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Tuesday, June 28, 2011

Edit Like the Wind

Since Vaulter reminded me how much I love my firstborn, Star of Justice, I've been locked into edit-land. Don't know why. Not like I'm submitting it anywhere at the moment. Doesn't matter. It's just nice to remember why I started writing in the first place.

Vaulter's done but I'm only halfway, so I have a lot of work to do before the end of the month.

Most of the edits have been itty bitty adjustments like removing "said" and replacing it with a beat of action. Jeff the Publisher recommended that a long time ago. I started doing it during the MLS contest, but I've missed a few spots.

I've also gotten rid of a bunch of "telling." Passive voice descriptions of this, that and the other. Stuff you're smart enough to figure out or completely unnecessary to plot.

Not that I'm overly concerned with plot in this one. This is one of many books planned for this world. Word count also doesn't bother me. I refuse to cut 66K words just to make it fit the 100K "first book" publication category. Decided that a long time ago, and I'm sticking to it. Doesn't mean I won't cut out words that don't pull their weight, but I'm not cutting chapters just because. I like my chapters.
Sound a bit diva-ish, don't I? Well, when you're my publisher, we'll talk.

If the power stays on and the tornadoes stay out of it, I should be done with this pass-through by the weekend. Tell Cilla to be patient, dear Vaulter. Turtle's working on it.

After that, I'm thinking it's time to pull Justice for All out of the file cabinet. I've missed my little band of ruffians. Maybe they've missed me, too.

Lessons for Life

I would have posted this yesterday, but I lost power around 6 AM, and by the time I got it back, I'd forgotten about everything else. Could be a life lesson.
Find out over at

Friday, June 24, 2011

Tip of the Iceberg

Days of clear, beautiful weather forced me to see my fear of storms as the tip of the iceberg.

For several months, most of this year, actually, stress has built in my life.

Job stress. Self-imposed self-improvement stress. Political and economic stress. Dying cat stress (a dying cat who was well enough to snatch half a chicken breast off my plate and resist my efforts to pry it from her needle-sharp teeth. No fallout I've detected from that little adventure, praise the Lord. One of us now eats lunch in the bathroom, and I'm not telling which one).

Those are the bad stresses.

I've found good stresses, too. New family member stress. Writing and critiquing stress (you're in the good list, Vaulter, never fear and don't stop!). Reading stress. I like the changes, but they require adjustments and that takes its toll, too. 

As I've knelt before God, giving Him my fear of storms, I'm finding all these other fears and stresses crowding to take its place. One by one I'm giving those to God, too, because the vast majority of them are as out of my control as the weather.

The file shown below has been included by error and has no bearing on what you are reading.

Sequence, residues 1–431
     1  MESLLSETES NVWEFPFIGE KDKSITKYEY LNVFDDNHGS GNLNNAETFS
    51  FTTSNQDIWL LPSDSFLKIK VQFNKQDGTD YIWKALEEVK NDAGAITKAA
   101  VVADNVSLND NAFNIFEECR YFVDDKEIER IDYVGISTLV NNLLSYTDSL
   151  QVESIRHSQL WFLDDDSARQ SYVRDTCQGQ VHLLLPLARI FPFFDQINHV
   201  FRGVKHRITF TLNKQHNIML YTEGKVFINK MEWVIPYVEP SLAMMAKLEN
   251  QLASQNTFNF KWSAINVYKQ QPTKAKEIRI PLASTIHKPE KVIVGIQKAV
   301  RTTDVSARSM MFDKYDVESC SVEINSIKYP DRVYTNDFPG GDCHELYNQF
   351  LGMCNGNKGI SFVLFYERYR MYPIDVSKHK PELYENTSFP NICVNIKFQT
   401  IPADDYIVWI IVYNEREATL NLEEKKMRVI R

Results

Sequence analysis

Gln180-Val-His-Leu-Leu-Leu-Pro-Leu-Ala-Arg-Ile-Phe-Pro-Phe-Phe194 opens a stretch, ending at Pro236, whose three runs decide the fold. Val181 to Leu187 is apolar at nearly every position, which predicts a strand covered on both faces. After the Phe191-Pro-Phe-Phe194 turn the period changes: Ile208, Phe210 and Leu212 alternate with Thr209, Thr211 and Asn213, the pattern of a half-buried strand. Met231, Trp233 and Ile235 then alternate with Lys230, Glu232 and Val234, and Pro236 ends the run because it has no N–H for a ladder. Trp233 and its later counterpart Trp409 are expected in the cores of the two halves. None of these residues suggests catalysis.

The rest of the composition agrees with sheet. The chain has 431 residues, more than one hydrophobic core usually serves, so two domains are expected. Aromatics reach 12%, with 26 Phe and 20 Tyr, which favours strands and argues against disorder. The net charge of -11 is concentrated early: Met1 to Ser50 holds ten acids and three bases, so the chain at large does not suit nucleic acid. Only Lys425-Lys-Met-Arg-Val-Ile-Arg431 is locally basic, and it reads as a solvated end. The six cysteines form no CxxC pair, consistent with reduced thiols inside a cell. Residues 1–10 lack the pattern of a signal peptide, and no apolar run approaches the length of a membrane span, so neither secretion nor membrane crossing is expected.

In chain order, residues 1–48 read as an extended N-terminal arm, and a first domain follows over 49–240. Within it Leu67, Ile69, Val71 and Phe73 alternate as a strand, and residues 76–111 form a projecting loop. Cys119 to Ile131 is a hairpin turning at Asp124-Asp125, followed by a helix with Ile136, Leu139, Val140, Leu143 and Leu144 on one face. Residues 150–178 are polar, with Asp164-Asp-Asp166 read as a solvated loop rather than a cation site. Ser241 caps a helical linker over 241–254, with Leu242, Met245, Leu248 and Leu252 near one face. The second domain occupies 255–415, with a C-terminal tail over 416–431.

I'm also reducing those stresses as best I can, one stress at a time.

It's like I've been sunburned. Where normally I could walk outside without trouble, for the moment, any light or warmth hurts my skin. Only my skin is my psyche and the sunlight is the world.
I'm limiting exposure. Easy on the nightly news and its multiple tragedies (just the weather, please *grin*). Earlier bedtimes until I catch up on the sleep I've missed. Exercising daily to use up that adrenaline. One extracurricular task a night, either critiquing or reading or writing, but not all three and not any if something else is planned, like family time.

And prayer. Kneeling before God every day, at least once a day, reciting my "You take it; I can't" list. Because I can't take it. I'm done with worrying. God will have to be in control.

Memorizing scripture. I'm halfway through Psalm 91, which I learned yesterday is called "the warrior's psalm." That one follows me into sleep at night.

The surprising thing is how this snuck up me. Since my nervous breakdown all those years ago, I'm pretty sensitive to these kinds of emotional pitfalls. In the past, I've spotted them way before they got this bad.

Well, I'm not going to worry about it. God can take this mystery, too.

Thursday, June 23, 2011


Funny thing, adrenaline. As a chemical, it's pretty neutral. It's whole purpose is to prepare your body to do something - run or fight. It shuts down your brain, your stomach, everything but the muscles you'll need to accomplish one of those two goals.

Some people enjoy the rush of adrenaline. Thanks to roller coasters, bungee jumping, para-sailing, whatever, they've learned to associate that flood with pleasure.

I never learned that. I don't ride roller coasters. I don't drive fast or enter houses with possible burglaries in process (OK, once, but I vowed never to do it again). For me, two sips into a caffeinated drink have me wondering if I need a doctor and some Valium.

Part of my journey away from phobias is dealing with adrenaline. No person can pump adrenaline all the time. It burns out your body and your brain, like pressing "turbo" and holding it down.

I think I've been pumping adrenaline too long. At least three weeks, near as I can figure. I'm getting rushes at weird times, when literally nothing is happening, and no storm is forecast for a solid 48 hours.

I don't like it. Hard to type with shaking hands. Hard to eat lunch when your stomach clamps up and says "no admittance."

What to do?

Well, the exercise thing seems the best solution. If my body says "run or fight," I suppose I should run or fight. That will use up the adrenaline, I hope. The bonus is it gets me in better shape to run or fight if I have to do those things for real at some point.

I'm trying to look at this as a "win-win."